Jim Taylor--vice chairman of The Harrison Group, a Connecticut-based marketing, consulting and research company--says that the era of the celebrity (Jessica/Britney/Brad) is ending, and in its place, today's teens are more inner-focused and more focused on "brands that have design cues that identify with their peers."
Last week, the cola giant revealed the full details of a packaging and marketing strategy first unveiled in October.
Since Pepsi was invented in 1898, the company has changed its can design just 10 times, most recently in 1998. Now, Pepsi will rotate 35 designs--including snowboards, emoticons and disc jockeys--every few weeks on store shelves.
Taylor thinks Pepsi is hitting just the right chord. Today's teenager, he said, is "really brand responsive and pretty loyal. Their basis for brand preference is increasingly based on design artistry, where they express their aesthetic tastes. They're design sophisticated."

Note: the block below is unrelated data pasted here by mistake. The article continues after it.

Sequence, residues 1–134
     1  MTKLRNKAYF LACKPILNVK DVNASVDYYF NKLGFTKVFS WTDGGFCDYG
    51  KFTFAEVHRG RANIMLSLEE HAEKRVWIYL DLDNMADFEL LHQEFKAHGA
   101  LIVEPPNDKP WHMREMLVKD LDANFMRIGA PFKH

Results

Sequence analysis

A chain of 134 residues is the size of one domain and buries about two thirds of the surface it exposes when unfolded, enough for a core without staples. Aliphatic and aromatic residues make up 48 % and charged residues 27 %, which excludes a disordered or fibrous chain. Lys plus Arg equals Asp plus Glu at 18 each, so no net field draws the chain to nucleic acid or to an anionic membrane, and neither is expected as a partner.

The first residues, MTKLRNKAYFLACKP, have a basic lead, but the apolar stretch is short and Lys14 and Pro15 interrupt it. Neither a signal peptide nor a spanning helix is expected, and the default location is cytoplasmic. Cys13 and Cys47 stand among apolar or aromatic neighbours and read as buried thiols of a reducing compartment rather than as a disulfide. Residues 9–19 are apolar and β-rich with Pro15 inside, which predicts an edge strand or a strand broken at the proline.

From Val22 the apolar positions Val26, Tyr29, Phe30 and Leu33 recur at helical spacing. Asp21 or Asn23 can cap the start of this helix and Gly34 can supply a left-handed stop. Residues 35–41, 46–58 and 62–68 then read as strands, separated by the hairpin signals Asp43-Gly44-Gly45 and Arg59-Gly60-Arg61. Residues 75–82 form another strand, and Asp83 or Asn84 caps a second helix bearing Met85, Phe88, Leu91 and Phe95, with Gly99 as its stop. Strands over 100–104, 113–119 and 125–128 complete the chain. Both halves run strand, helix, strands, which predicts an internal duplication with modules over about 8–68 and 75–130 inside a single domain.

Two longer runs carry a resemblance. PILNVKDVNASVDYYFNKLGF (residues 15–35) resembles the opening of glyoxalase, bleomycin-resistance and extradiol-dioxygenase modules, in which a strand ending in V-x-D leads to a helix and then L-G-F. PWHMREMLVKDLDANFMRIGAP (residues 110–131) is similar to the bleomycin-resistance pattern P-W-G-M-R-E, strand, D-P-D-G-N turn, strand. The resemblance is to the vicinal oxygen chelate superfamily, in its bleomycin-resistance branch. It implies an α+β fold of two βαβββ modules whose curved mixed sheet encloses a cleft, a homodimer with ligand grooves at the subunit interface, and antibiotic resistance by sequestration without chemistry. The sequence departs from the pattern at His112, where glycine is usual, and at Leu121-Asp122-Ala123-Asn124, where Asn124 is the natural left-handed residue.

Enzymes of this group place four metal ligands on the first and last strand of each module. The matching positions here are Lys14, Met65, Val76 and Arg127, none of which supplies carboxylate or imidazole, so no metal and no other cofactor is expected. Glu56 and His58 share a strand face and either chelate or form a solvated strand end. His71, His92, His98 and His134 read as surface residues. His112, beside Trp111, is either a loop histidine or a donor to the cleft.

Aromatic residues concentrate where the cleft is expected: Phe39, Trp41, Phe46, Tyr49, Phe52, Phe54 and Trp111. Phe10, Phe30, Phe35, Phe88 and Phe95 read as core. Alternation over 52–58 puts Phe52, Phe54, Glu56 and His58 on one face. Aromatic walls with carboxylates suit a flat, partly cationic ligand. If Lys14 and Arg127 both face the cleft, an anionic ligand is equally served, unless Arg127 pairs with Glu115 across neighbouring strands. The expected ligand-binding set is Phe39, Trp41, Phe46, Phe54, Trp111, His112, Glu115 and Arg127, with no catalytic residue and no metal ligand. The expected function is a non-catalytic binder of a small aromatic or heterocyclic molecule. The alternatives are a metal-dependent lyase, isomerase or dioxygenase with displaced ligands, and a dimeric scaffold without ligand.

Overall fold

Teenagers, he cautioned, represent a "rotation of sophistication. At any one time you have one-fifth of them entering and one-fifth leaving" the demographic.
Taylor's most recent research plays out in Pepsi's other plan to give consumers a place to showcase designs of their own. In an online contest, consumers will be invited to upload designs for a Pepsi billboard. Those designs will be part of a virtual billboard canvas on the Web. At the end of the contest, Pepsi will choose one design to display in New York's Times Square. A Pepsi spokesperson said the company is still ironing out details.
Another marketer who studies consumer insights and trends agrees that Pepsi is on the mark with this idea as well.
"I love that they're going big with the Times Square billboard," Irma Zandl, principal of The Zandl Group. "It's not surprising, since sister company Frito-Lay is doing the consumer-generated Super Bowl ad.
"The idea is right on trend with the emergence of more consumer-generated content and creativity on such sites as MySpace and YouTube. For marketers, it creates a more dynamic dialogue with the consumer--and energizes their brands. It also taps into the consumers' need for celebrity and creative expression."
Harrison Group's Taylor agrees. "People--not just teenagers--are moving away from emotional branding and toward design and performance."